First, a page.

New European Commission line-up complete
Bulletin 1 - 24 August 2004

Main points:

1. New European Commission line-up complete
Just six out 25 of the new Commissioners are from social democratic parties.

2. Peter Mandelson attacks failure to liberalise EU economies
New Commissioner says social protection is to blame for "economic stagnation".

3. New Commissioner backs asylum reception camps
Home Affairs Commissioner Rocco Buttiglione says asylum is a "time bomb”.

4. French left begin debate on EU Constitution
Leading French Socialists and Greens reject ‘neo-liberal’ Constitution.

5. Government confirms no new social provision in EU Constitution
Rejecting the Constitution would give workers the same legal protections as now.

6. Leading challenger for SNP leadership opposes EU Constitution
Alex Salmond says Scotland could get a better deal than the proposed agreement.

1. New European Commission line-up complete

FThe new European Commission line up was announced last week when Commission President Jose Manuel Barroso awarded portfolios to each Commissioner. The new Commission will take office on 1 November and will be the first full term of the new, enlarged Commission of 25. The Commission is more right-wing than any previous Commission, with just six of the 25 strong Commission being members of parties affiliated to the Party of European Socialists. The Commission is dominated centre-right Liberals and Conservatives

The new Commission president, Jose Manuel Durao Barroso, the ex-Prime Minister of Portugal, was put forward by the EU’s heads of state after they failed to reach agreement over a Commission President at the June IGC. Barroso is from the centre-right and is seen as a leading European supporter of the USA. He has gone on record to deny that he is a "free-market fundamentalist" (FT, 30 June 2004) but is seen as a politician who is committed to pushing forward a more neo-liberal market agenda in the EU.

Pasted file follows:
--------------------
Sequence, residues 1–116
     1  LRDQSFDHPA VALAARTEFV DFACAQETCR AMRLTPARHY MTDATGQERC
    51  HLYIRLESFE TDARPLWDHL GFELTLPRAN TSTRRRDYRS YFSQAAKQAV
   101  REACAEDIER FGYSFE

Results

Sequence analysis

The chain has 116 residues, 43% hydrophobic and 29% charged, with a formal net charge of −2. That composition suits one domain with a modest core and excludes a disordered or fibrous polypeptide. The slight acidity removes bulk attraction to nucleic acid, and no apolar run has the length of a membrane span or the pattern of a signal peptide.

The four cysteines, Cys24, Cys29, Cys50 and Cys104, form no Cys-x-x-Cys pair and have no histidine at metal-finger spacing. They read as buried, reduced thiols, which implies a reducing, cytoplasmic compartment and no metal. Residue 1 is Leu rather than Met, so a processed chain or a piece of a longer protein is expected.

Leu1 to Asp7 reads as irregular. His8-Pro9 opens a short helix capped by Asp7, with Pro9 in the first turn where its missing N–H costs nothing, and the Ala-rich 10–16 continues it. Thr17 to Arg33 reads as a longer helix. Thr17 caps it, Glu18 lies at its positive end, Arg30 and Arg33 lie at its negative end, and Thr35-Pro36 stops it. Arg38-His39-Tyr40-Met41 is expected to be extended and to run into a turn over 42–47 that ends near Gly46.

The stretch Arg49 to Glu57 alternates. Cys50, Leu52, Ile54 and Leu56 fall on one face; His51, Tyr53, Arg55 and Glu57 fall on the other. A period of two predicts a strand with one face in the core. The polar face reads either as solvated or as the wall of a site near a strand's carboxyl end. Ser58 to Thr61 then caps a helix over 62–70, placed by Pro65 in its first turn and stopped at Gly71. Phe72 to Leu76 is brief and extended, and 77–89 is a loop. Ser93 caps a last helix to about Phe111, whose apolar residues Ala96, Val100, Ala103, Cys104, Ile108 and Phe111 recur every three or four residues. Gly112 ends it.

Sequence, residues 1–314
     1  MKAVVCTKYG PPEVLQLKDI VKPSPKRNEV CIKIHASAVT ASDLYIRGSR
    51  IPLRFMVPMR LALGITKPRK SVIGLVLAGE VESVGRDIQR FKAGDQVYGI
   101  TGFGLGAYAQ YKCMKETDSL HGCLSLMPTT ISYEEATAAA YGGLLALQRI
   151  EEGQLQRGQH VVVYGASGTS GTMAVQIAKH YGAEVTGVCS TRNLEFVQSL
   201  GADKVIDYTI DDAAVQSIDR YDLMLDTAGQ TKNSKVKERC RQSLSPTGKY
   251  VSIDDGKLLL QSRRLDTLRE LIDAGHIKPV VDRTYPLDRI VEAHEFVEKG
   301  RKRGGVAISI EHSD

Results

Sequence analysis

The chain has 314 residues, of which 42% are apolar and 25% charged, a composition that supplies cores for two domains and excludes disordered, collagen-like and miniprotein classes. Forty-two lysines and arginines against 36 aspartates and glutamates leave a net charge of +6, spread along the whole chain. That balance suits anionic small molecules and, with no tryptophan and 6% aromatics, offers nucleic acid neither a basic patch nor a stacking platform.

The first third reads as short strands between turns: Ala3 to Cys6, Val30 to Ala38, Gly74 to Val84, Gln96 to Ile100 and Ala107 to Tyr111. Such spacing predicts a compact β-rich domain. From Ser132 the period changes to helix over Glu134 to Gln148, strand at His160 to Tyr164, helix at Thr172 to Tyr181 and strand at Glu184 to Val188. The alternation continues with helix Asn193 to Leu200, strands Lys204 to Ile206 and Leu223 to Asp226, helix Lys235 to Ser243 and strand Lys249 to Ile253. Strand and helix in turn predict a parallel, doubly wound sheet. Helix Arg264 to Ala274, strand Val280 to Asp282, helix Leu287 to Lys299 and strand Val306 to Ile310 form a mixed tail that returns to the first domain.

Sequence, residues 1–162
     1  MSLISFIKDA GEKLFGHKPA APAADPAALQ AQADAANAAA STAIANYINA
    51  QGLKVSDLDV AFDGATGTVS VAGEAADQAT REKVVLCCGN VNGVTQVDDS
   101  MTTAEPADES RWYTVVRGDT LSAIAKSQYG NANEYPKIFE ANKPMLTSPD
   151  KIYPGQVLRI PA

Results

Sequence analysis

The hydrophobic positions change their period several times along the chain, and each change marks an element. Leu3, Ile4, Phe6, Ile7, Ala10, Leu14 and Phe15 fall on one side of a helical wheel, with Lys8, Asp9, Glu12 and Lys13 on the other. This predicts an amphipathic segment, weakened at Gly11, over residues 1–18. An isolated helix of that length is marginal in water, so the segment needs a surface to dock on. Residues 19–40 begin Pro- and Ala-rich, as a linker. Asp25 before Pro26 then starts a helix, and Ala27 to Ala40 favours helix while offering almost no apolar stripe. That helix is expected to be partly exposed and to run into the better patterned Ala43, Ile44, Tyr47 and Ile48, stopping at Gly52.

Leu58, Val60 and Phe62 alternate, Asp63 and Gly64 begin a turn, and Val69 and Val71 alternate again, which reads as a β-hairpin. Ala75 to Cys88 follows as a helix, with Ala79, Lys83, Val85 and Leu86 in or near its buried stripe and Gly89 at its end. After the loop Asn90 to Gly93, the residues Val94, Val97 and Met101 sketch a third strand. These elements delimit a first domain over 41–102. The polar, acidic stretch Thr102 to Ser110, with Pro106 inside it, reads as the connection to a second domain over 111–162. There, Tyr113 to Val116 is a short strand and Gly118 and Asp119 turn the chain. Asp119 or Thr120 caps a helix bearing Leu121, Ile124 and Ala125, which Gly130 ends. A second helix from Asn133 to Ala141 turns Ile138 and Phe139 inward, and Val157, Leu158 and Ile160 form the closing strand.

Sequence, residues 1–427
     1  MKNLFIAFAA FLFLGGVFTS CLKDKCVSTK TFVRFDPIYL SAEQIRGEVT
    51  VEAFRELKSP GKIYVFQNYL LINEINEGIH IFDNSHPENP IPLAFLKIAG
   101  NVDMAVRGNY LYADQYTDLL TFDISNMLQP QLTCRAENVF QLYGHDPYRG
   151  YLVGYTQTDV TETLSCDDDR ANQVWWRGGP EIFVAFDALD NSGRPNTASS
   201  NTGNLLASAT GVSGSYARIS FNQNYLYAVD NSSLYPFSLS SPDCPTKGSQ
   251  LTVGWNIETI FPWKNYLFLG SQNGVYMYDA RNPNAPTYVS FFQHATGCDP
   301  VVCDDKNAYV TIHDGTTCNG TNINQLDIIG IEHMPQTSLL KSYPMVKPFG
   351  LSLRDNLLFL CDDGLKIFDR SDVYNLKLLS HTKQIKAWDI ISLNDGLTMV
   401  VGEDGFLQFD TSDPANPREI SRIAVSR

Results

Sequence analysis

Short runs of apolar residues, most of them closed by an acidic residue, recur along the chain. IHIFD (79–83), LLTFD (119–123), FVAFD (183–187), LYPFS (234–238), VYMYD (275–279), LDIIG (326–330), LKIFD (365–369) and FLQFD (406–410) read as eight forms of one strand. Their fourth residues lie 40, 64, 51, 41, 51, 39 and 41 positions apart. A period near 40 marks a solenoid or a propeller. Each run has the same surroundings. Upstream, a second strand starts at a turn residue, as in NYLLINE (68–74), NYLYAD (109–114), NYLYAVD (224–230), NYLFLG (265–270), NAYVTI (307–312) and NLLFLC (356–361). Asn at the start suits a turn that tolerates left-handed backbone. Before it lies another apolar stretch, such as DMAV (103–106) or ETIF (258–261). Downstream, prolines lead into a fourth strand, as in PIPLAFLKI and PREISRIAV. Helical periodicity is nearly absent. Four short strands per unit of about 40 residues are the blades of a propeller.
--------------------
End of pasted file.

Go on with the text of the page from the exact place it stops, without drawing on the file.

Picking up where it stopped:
Barroso has set aside the key economic portfolios for Commissioners who share his neo-liberal outlook. Charlie McCreevy, the Irish Commissioner has been given the Internal Market job. While Irish Finance Minister McCreevy consistently cut public spending, while privatizing large swathes of the public sector. Mariann Fischer Boel from the Danish Liberal Party, has been put in charge of Agriculture. She is not expected to push for reform of the Common Agriculture Policy.

While some commentators have welcomed the appointment of the new Commission as a fresh start for the EU, we are concerned that the Right is over-represented in the Commission. This will articulate itself in an accelerated drift towards neo-liberal economic policy and an ambitious foreign policy for the EU.

2. Peter Mandelson attacks failure to liberalise EU economies

In the new Commission, Britain’s new Commissioner Peter Mandelson, was awarded the Trade portfolio. In his new job, Mandelson will be responsible for the EU’s Trade policy and for negotiating on behalf of the EU with international bodies like the World Trade Organisation.